Go well Groeblinghoff

Barbara Groeblinghoff (left) pictured alongside members of a partner organisation in Zimbabwe, including FNF Zimbabwe project manager Fungisai Sithole and the deputy chair of the board of directors at the Friedrich Naumann Foundation, Sabine Leutheusser-Schnarrenberger.

A LARGE heart, a razor-sharp mind and exceptional professional expertise - few people combine all these qualities. Barbara Groeblinghoff was one of them.

On Friday April 19, in her adopted home of South Africa, Barbara lost her battle with cancer at the age of 61.

She had an encyclopaedic knowledge of global affairs, but she was primarily characterised by her deep humanity and astute judgement.

Quick-witted, she could sometimes be a polarising force. Barbara always had an eye for what ultimately mattered, and expected total commitment from her teams.

A liberal stalwart dedicated to the fight for justice

Having grown up in idyllic Werne in Germany, Barbara was driven to South Africa by her liberal sense of freedom and independence.

There she studied politics (BA), law (LLB) and development management (MA).

Barbara Groeblinghoff loved South Africa and its people.

She initially worked as a lawyer in Namibia and South Africa before joining the Friedrich Naumann Foundation as project director for South Africa and Zimbabwe on February 15 1995; from 2005 to 2017 she also spearheaded the Foundation’s work in Tanzania and Kenya.

It was Barbara’s vocation to work with political parties, and strategy workshops and training sessions for elected officials benefited from her consummate leadership.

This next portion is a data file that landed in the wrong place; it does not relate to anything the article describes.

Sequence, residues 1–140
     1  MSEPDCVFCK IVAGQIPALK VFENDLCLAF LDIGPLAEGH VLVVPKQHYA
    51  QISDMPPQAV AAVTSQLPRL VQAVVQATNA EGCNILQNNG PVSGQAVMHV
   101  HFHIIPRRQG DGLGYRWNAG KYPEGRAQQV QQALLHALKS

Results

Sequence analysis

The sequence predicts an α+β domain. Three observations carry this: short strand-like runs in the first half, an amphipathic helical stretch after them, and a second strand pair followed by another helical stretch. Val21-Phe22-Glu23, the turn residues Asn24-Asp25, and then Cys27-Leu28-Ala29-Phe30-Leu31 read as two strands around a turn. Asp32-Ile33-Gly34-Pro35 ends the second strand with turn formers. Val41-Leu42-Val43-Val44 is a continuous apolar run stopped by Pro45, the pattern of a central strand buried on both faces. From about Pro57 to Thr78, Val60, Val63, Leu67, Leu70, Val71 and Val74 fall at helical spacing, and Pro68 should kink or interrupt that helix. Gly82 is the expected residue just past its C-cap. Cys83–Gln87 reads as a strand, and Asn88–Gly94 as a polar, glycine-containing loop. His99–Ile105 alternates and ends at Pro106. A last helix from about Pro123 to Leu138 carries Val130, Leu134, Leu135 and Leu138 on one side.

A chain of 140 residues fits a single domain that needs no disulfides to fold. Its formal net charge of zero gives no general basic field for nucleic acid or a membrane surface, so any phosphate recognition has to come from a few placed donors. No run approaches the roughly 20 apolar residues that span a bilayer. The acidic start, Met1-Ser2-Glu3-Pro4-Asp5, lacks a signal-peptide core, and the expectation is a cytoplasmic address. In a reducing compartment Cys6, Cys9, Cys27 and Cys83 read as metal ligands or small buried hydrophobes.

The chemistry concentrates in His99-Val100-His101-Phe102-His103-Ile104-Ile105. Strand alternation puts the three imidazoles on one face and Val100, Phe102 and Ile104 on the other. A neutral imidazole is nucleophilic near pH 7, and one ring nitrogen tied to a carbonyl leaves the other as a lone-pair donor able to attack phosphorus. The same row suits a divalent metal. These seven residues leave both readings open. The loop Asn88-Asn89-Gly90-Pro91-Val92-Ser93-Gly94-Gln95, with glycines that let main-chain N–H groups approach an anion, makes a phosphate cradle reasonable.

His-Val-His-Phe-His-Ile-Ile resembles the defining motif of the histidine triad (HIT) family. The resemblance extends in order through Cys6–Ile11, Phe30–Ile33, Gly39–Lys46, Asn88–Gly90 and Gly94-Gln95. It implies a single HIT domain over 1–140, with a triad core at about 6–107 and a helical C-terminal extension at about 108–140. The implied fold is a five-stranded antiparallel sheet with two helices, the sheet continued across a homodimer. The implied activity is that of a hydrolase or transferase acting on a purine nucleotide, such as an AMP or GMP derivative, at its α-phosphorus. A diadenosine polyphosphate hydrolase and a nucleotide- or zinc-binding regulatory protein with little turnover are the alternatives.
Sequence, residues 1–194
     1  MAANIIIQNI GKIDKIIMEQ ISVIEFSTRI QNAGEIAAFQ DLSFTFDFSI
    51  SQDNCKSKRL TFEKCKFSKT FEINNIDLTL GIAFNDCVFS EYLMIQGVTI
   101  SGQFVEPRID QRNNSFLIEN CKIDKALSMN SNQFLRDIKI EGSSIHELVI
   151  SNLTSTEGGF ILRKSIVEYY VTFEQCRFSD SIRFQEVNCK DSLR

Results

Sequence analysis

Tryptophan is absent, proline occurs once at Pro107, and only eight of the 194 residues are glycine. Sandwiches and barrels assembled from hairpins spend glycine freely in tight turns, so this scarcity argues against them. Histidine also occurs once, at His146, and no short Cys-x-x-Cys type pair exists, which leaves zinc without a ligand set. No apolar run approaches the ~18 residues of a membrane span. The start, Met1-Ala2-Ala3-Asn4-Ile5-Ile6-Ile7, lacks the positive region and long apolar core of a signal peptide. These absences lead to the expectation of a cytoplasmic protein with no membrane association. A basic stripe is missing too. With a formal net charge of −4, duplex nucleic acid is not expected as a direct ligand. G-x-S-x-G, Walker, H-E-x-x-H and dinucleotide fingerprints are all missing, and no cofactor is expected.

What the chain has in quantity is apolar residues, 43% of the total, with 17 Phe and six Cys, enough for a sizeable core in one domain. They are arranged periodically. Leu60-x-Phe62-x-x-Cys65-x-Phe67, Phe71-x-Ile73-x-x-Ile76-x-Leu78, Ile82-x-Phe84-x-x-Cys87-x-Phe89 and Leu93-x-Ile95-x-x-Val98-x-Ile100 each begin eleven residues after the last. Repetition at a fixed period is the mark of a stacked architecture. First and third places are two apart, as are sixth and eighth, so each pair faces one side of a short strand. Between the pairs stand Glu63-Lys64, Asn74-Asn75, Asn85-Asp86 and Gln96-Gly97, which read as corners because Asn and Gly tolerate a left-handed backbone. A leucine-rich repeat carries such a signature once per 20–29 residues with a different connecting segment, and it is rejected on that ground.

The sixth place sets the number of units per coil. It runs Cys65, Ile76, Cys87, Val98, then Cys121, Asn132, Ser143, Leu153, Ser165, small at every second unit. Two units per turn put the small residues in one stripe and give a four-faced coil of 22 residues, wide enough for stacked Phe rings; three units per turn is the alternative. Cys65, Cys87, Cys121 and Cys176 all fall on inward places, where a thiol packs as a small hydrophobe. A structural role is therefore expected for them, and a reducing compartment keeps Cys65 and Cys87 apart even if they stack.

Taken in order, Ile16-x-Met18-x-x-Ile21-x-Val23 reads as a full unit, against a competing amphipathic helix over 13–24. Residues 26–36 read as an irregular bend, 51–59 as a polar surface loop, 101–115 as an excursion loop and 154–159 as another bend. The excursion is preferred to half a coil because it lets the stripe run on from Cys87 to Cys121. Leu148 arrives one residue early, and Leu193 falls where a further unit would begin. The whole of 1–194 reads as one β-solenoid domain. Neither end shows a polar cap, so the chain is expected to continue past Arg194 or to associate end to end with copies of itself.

As a trained lawyer, Barbara followed human-rights and rule-of-law issues closely.

Over two-and-a-half years, she provided comment and analysis for FNF on the Zimbabwean show trial of internationally renowned writer and filmmaker Tsitsi Dangarembga; this involved numerous brilliant interviews in international media.

Groeblinghoff was unrivalled in her ability as an expert to present complex political, social and economic issues clearly and succinctly.

Her presentations on the history, society and politics of southern Africa, which she customarily gave in front of a large map of the continent at the entrance to the Foundation’s Johannesburg office, were a must for every visiting delegation.

Above all, FNF colleagues will remember Barbara for her empathy and loyalty. She had a boundless capacity for compassion, and the advancement of talented women was a major concern for her.

A down-to-earth, no-nonsense manner and a strong sense of justice characterised her both professionally and personally.

The Friedrich Naumann Foundation for Freedom has lost one of its most distinguished and committed staff members. Our thoughts are with her family.

We mourn her loss. She will not be forgotten. 

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